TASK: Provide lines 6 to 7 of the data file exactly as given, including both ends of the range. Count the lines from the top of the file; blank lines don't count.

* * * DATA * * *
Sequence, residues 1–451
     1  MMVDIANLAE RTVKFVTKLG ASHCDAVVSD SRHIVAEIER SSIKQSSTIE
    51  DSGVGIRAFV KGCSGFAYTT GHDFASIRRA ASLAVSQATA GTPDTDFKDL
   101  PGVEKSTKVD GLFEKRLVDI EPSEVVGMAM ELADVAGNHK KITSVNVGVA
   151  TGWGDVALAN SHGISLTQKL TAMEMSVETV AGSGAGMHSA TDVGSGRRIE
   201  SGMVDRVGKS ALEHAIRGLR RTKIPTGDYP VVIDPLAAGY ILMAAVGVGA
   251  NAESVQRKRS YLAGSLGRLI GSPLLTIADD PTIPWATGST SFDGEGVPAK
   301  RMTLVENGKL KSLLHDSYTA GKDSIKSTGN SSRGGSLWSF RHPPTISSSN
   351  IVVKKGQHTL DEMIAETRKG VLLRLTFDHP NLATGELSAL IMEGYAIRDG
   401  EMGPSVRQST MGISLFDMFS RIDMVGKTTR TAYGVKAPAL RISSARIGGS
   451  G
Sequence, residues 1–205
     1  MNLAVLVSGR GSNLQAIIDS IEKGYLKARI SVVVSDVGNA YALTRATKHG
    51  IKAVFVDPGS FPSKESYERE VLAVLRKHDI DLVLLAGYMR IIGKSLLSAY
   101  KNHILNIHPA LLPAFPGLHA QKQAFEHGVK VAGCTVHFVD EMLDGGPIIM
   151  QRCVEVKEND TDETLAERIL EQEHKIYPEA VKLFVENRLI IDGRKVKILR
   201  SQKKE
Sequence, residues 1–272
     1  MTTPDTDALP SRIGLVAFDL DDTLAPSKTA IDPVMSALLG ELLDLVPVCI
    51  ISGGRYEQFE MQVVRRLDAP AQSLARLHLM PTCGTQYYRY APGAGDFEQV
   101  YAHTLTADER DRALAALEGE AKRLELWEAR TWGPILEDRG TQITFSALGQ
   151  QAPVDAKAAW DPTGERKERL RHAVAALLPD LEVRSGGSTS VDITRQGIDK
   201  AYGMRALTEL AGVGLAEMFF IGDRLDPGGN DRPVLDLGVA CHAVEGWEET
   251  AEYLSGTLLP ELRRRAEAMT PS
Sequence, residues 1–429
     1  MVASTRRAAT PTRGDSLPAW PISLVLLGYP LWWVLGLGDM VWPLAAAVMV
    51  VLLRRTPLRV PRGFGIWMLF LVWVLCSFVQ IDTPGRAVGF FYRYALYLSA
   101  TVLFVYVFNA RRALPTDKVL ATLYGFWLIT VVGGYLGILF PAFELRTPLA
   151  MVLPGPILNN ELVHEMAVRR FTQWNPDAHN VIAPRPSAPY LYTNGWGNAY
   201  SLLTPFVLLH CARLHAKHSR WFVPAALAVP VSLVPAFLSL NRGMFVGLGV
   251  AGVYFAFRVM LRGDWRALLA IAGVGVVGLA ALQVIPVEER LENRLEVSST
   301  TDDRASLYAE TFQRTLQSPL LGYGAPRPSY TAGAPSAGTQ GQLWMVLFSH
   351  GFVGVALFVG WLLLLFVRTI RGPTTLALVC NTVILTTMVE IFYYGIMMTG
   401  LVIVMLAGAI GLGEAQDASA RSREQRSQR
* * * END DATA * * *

   201  SGMVDRVGKS ALEHAIRGLR RTKIPTGDYP VVIDPLAAGY ILMAAVGVGA
   251  NAESVQRKRS YLAGSLGRLI GSPLLTIADD PTIPWATGST SFDGEGVPAK